• 30 Jul 2018
    I was born in Kibera and then I moved up country with my family. When I came back to Nairobi, I ran a community-based organisation (CBO) in Dandora to empower women on their human rights, in particular gender-based violence and defilement cases. We also taught entrepreneurship because we used to build women’s skills so they can survive on their own. 
  • 30 Jul 2018
    I was born in Nairobi, after which we moved up country where I grew up. I took some jobs there working in first aid rooms and then I came to Mukuru twenty years ago. I became a Human Rights Defender when I worked in a clinic in Mukuru. However, in 2007, they closed the clinic because of the post-election violence. After staying home for two years I decided to work as a volunteer at the community health centre. It was better for me to be there than to stay in the house. My family is in Mukuru, they think a job is a job and they are supporting me.
  • 30 Jul 2018
    When my husband had a work accident in 2007 and passed away, my brothers-in-law told me I had to move from Mukuru to eastern Kenya, where I had to stand all day long with my little child on my back, grinding maize for customers to get flour. My little child developed a health problem but my father-in-law would not let me take her to the hospital. My cousin sent me a bus fare and I went back to Nairobi so I could access medication for my child.
  • 30 Jul 2018
    There is a lot of hardship growing up in Mathare, like in any other informal settlement. Reaching 30 years for a young man and not being dead is an achievement. Reaching the age of 25 for a young woman and not being pregnant or forced into early marriage is an achievement. We end up losing most of our people in Mathare. We survive with one or less parents.
  • 30 Jul 2018
    I was born in Mathare and it was not easy growing up here. At times we don’t have the necessities, the basic needs, like water and housing. My childhood was not so nice because sometimes in this village there is fighting between the landlord and tenants, so the landlord shuts your house and you have to sleep outside.
  • 24 Nov 2017
    I was born in Kibera and I grew up in Kibera. Being in the informal settlement, I can confess that it is not an easy journey. You are born into a very tough environment; an environment with unsuitable shelter, no access to clean water, it is a challenge.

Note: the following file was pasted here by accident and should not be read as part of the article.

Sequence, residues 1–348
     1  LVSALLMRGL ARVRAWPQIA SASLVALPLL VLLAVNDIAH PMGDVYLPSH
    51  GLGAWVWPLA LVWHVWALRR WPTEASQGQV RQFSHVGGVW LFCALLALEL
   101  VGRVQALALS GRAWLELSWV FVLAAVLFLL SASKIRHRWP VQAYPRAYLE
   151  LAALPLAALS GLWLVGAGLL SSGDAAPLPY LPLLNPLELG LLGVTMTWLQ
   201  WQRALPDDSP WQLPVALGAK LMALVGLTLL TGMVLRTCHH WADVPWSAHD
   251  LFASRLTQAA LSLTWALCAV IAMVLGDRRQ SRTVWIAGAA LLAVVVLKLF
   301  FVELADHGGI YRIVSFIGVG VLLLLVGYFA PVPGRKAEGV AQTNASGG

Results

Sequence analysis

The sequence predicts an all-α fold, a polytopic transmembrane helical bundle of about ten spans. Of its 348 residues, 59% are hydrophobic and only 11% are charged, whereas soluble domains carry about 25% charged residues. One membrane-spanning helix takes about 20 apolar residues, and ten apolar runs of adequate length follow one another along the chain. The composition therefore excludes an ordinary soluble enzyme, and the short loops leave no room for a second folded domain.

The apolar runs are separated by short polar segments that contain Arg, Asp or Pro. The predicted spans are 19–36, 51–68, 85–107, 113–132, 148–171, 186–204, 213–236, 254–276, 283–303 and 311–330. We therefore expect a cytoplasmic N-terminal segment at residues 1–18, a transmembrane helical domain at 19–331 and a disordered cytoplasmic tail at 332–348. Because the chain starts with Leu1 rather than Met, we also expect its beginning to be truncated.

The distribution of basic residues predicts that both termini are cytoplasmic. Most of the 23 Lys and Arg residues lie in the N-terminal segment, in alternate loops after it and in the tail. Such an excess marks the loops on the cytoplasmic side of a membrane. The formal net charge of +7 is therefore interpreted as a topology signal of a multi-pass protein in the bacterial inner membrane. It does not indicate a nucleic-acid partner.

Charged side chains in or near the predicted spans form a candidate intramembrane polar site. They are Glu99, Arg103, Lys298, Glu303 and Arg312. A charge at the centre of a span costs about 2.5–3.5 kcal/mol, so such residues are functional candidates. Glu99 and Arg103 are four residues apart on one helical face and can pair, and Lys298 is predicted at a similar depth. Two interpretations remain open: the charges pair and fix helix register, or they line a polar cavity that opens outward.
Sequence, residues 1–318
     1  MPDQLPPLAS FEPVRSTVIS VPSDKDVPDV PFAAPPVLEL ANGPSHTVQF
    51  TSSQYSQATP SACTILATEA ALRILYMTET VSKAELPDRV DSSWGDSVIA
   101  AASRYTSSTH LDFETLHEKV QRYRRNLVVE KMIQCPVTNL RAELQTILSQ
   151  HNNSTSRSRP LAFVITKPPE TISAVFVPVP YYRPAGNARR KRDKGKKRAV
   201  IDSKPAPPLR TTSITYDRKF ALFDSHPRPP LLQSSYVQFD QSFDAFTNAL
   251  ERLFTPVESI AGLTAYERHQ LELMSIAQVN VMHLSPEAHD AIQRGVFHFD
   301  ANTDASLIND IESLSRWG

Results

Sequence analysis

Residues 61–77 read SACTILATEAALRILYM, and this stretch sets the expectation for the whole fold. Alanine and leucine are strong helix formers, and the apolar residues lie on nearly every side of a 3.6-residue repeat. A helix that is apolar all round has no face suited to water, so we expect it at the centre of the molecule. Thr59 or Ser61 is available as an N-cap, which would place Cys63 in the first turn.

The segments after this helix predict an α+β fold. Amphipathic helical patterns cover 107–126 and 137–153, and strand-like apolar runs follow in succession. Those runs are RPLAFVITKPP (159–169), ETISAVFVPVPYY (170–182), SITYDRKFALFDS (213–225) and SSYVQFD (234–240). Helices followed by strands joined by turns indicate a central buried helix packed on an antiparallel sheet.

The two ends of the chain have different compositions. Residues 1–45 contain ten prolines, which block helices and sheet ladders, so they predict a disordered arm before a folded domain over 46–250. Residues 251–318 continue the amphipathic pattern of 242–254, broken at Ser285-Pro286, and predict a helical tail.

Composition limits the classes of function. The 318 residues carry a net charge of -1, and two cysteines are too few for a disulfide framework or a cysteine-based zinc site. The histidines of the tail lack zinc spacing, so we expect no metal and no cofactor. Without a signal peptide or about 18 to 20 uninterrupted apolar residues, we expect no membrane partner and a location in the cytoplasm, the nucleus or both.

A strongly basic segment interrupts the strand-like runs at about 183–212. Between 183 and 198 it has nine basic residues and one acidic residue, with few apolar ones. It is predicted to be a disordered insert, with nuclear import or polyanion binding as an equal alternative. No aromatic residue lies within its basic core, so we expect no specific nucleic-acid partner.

• 11 Oct 2017
    When I was young I used to have many friends in Mathare, we really enjoyed the life of the slums because we were a part of it. We were born there and it was our home. Living in Mathare, one is always surrounded by people; we school together, we shop together, we work together, we go to church together, we do everything together. Growing up, we were like a family there.
  • 2 Oct 2017
    I grew up in Kisii, in the western part of Kenya. Life there is good but there are too many people and not enough resources; you can get plenty of food but there is not much work so it is difficult to pay for school fees and other expenses. I moved to Kibera when I was in my mid-twenties.
  • 11 Sep 2017
    I come from a family of four daughters. My father was never really in the picture, but I never felt the absence of a father-figure in the house; Mama has been such a role model in that sense. She would say “whatever you want to do, you can do it”. Whenever we would complain about not having a brother to help us fix household things, she would push us to learn how to do it ourselves.
  • 29 Jun 2017
    I was born in Kibera and I grew up in Kibera; growing up here was both a privilege and a struggle. Life is difficult in Kibera and we live in poverty here, but this place makes a woman strong and I believe that I am strong today because I grew up in Kibera.

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